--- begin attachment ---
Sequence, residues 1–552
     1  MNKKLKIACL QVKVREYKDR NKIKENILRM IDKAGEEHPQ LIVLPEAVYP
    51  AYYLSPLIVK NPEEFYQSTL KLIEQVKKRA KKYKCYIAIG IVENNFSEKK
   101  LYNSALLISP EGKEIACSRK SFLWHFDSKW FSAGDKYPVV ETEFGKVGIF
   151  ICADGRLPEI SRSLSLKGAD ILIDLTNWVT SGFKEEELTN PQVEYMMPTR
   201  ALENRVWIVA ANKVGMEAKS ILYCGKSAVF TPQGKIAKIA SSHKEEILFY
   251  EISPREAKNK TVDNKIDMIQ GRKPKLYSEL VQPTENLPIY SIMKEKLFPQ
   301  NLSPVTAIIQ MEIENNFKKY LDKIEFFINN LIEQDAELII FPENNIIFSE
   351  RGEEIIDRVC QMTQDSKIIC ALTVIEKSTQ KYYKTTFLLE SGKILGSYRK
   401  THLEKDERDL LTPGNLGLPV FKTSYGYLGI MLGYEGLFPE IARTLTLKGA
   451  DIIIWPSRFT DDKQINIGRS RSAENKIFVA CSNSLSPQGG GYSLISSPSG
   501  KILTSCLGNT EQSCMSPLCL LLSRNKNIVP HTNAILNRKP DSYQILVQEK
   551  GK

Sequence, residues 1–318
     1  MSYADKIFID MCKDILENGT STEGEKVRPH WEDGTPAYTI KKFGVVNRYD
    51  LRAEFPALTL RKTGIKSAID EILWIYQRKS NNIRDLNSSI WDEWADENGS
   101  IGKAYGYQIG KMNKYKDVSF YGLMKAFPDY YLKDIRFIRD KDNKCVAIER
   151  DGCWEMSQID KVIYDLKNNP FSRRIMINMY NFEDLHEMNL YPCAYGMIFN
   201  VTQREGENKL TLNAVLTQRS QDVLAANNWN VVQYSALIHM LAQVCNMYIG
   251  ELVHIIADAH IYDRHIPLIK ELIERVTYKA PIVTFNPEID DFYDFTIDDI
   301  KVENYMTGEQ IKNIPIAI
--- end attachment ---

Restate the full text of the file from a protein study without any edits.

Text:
Sequence, residues 1–552
     1  MNKKLKIACL QVKVREYKDR NKIKENILRM IDKAGEEHPQ LIVLPEAVYP
    51  AYYLSPLIVK NPEEFYQSTL KLIEQVKKRA KKYKCYIAIG IVENNFSEKK
   101  LYNSALLISP EGKEIACSRK SFLWHFDSKW FSAGDKYPVV ETEFGKVGIF
   151  ICADGRLPEI SRSLSLKGAD ILIDLTNWVT SGFKEEELTN PQVEYMMPTR
   201  ALENRVWIVA ANKVGMEAKS ILYCGKSAVF TPQGKIAKIA SSHKEEILFY
   251  EISPREAKNK TVDNKIDMIQ GRKPKLYSEL VQPTENLPIY SIMKEKLFPQ
   301  NLSPVTAIIQ MEIENNFKKY LDKIEFFINN LIEQDAELII FPENNIIFSE
   351  RGEEIIDRVC QMTQDSKIIC ALTVIEKSTQ KYYKTTFLLE SGKILGSYRK
   401  THLEKDERDL LTPGNLGLPV FKTSYGYLGI MLGYEGLFPE IARTLTLKGA
   451  DIIIWPSRFT DDKQINIGRS RSAENKIFVA CSNSLSPQGG GYSLISSPSG
   501  KILTSCLGNT EQSCMSPLCL LLSRNKNIVP HTNAILNRKP DSYQILVQEK
   551  GK

Sequence, residues 1–318
     1  MSYADKIFID MCKDILENGT STEGEKVRPH WEDGTPAYTI KKFGVVNRYD
    51  LRAEFPALTL RKTGIKSAID EILWIYQRKS NNIRDLNSSI WDEWADENGS
   101  IGKAYGYQIG KMNKYKDVSF YGLMKAFPDY YLKDIRFIRD KDNKCVAIER
   151  DGCWEMSQID KVIYDLKNNP FSRRIMINMY NFEDLHEMNL YPCAYGMIFN
   201  VTQREGENKL TLNAVLTQRS QDVLAANNWN VVQYSALIHM LAQVCNMYIG
   251  ELVHIIADAH IYDRHIPLIK ELIERVTYKA PIVTFNPEID DFYDFTIDDI
   301  KVENYMTGEQ IKNIPIAI